Aquatic Plant Forum banner
1 - 4 of 4 Posts

·
Premium Member
Joined
·
7,436 Posts
That chart is not a good way to determine how much CO2 you have in a typical aquarium. The chart is very accurate only if the water has nothing in it that affects the pH or KH except CO2 and carbonates/bicarbonates. A better method is to take a sample of the water in your tank let it sit around long enough to degas the CO2 in it, then measure the pH of that water. Compare this pH to the pH of the tank water a few hours after the CO2 is turned on. The ppm of CO2 you have will be about 3 time 10 raised to the decrease in ph power. For examples: if the pH in the tank is 1.0 lower than in the degassed water, you have 3 x 10, or 30 ppm. If the pH in the tank is 0.8 lower than the degassed water, you have 3 x 10 to the .8 power, or 20 ppm. I will bet that you have less CO2 in the water than you think.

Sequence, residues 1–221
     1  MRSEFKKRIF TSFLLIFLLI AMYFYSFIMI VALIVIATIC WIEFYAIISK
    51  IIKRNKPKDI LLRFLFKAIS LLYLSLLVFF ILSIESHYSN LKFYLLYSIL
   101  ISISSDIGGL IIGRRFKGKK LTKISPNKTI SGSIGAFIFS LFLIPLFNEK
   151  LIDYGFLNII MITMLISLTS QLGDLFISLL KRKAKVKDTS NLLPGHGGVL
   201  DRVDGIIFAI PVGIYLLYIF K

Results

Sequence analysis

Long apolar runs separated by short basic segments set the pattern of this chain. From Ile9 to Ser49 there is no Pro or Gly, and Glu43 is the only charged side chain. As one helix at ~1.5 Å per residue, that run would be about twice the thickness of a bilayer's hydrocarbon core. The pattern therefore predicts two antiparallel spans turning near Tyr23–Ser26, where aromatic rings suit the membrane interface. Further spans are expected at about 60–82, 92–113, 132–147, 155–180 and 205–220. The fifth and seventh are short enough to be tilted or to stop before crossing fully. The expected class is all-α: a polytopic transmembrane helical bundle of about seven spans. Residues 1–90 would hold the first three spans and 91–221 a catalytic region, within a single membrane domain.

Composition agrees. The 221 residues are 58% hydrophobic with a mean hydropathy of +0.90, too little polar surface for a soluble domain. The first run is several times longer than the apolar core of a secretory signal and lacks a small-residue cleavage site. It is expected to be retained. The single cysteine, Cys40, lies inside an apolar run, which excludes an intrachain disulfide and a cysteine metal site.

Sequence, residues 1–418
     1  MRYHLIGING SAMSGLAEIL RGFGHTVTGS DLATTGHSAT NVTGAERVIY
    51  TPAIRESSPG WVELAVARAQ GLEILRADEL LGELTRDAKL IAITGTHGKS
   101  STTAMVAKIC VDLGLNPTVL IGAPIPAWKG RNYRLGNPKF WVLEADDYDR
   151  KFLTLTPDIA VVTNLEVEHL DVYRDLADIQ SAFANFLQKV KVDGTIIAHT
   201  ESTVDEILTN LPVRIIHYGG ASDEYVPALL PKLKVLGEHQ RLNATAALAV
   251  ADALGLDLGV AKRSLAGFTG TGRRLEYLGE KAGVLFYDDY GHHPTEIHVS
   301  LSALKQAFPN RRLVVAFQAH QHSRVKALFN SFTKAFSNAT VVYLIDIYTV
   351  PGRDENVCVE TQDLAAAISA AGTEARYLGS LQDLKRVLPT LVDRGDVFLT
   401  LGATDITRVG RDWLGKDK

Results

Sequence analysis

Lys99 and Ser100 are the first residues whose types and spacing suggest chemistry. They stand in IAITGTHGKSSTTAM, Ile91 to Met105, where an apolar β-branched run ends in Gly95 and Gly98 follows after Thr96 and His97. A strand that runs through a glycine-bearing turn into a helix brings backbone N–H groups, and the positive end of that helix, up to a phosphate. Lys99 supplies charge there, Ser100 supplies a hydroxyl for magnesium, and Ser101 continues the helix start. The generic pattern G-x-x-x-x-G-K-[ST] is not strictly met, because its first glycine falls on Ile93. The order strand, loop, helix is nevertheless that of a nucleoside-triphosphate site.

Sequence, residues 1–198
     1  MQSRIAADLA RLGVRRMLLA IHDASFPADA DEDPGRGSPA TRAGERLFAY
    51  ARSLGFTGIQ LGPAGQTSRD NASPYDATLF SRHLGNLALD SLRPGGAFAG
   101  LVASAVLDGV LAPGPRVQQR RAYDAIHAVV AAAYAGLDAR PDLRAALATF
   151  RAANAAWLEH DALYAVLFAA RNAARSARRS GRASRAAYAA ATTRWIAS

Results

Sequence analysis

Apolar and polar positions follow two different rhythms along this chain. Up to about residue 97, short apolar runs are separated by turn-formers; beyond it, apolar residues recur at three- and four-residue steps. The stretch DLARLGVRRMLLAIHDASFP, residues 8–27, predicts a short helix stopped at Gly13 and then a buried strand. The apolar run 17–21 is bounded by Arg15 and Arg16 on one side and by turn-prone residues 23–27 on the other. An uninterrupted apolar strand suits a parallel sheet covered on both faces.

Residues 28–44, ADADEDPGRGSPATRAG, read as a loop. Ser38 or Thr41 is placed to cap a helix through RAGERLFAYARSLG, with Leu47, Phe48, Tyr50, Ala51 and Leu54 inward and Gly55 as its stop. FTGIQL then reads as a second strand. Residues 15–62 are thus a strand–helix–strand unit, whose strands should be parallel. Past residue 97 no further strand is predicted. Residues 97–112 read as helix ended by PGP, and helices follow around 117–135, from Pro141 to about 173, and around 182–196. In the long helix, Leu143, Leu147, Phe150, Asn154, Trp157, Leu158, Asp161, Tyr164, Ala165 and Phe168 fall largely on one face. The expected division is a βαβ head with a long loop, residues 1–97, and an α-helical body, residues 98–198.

·
Premium Member
Joined
·
7,436 Posts
So just before the co2 is switched off I have a ph around 6.5 and next day in the morning, just before the lights turn on I have Ph of 7.0

Does it mean that I have just 15ppm so I should increase CO2 level to go near to 30 ppm?

I realised also that when the kh is 3.5-4 the ph difference is 0.5

However as I am getting close to the water change my kh increase until 6 due to the seiryu stone, then the difference is just 0.2 but I put same co2 in the water...
The CO2 content in the tank, after a night of no Co2, isn't necessarily 3 ppm, but could be 4-5 ppm, which would mean you have a lot more than you think. I like the idea of isolating a cup full of water over night or longer better.
 
1 - 4 of 4 Posts
This is an older thread, you may not receive a response, and could be reviving an old thread. Please consider creating a new thread.
Top